Yu Suzuki is scheduled to give a postmortem of Shenmue at the next Game Developers Conference in March. PlayStation 4 mastermind Mark Cerny will be translating for Suzuki. These postmortems are normally fascinating: developers cut like a flaming hot sword through the typical piles of marketing bullshit and speak really candidly about why they made the decisions they did. It’s the sort of insight almost never offered before a game actually comes out.
What’s really interesting about the Shenmue postmortem in general is how nicely it slots alongside the ongoing reevaluation of the Dreamcast. Shenmue was intended as the system’s crowning achievement but it was a coldly divisive game, demanding hours and hours of patience from players who were only starting to move out of the 16-bit universe. The system itself famously crashed hard and forced Sega out of the hardware game permanently.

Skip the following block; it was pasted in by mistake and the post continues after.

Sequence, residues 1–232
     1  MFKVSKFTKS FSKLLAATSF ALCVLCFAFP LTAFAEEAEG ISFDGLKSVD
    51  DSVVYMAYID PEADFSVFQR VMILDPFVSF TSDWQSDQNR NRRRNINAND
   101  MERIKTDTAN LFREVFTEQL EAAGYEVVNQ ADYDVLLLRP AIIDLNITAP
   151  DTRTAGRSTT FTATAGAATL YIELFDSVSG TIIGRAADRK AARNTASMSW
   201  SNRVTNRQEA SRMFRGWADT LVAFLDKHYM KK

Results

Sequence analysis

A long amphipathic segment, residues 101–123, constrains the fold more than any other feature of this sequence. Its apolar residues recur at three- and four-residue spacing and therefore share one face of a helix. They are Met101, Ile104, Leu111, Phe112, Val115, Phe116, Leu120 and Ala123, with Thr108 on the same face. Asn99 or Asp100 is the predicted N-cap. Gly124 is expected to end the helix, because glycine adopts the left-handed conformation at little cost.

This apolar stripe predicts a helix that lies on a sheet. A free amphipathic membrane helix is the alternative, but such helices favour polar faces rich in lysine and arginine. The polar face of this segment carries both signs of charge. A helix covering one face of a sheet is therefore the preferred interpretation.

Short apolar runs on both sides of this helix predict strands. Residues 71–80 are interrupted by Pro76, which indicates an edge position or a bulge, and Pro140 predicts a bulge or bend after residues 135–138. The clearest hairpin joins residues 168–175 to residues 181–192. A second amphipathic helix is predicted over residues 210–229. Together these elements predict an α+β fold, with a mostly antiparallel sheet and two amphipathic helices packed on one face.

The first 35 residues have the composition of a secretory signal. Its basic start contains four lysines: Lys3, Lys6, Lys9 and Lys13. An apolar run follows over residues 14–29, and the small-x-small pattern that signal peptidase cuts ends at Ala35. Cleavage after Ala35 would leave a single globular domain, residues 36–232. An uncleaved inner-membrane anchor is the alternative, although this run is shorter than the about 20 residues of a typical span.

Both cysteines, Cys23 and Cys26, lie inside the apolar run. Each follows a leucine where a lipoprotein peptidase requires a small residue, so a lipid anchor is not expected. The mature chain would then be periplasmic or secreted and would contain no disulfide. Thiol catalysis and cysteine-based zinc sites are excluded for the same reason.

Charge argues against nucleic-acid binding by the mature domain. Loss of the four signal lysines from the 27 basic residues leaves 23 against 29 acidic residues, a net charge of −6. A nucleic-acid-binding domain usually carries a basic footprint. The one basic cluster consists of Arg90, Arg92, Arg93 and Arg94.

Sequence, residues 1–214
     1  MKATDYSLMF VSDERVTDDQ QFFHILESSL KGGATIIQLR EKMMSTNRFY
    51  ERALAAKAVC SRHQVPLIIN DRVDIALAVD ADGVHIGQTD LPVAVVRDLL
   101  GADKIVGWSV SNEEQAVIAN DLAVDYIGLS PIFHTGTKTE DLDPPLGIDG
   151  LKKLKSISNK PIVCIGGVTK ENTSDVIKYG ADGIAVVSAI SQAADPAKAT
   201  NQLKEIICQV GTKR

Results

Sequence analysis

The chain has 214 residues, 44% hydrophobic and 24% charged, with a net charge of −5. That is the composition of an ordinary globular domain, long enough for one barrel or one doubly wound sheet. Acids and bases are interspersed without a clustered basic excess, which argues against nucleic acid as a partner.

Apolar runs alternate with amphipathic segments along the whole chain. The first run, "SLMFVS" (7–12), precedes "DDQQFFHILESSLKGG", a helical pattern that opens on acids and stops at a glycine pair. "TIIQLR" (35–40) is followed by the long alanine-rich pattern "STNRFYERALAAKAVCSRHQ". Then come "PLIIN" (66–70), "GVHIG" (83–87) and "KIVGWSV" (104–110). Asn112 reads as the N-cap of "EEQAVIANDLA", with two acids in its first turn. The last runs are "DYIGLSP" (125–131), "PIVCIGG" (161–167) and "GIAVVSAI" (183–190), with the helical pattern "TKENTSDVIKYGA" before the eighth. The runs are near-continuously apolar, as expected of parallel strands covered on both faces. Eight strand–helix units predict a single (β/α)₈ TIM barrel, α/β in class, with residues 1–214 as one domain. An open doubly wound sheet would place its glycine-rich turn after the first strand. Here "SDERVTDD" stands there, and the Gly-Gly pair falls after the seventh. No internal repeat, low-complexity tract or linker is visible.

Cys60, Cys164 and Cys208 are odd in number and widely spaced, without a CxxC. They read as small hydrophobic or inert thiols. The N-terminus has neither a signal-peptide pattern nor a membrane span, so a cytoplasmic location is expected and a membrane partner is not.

But maybe they were just dropping the mic? Shenmue‘s open world and unyielding mechanics have aged nicely in critics’ memories, as have before-their-time online efforts like Phantasy Star Online and Quake III Arena. Even oddities like Seaman and Segagaga have developed cult followings. (And do not even get me started on Virtua Tennis, still the best sports game ever made.) Edge recently named it the tenth greatest console of all time, and Zoya Street’s excellent Dreamcast Worlds (which you can buy in this StoryBundle! [plug]) dives even deeper into its legacy. For all its failures, the system has sort of turned into a console version of the Pixies, if not the Velvet Underground. Not everyone had a Dreamcast, but it seems like everyone who did became a developer.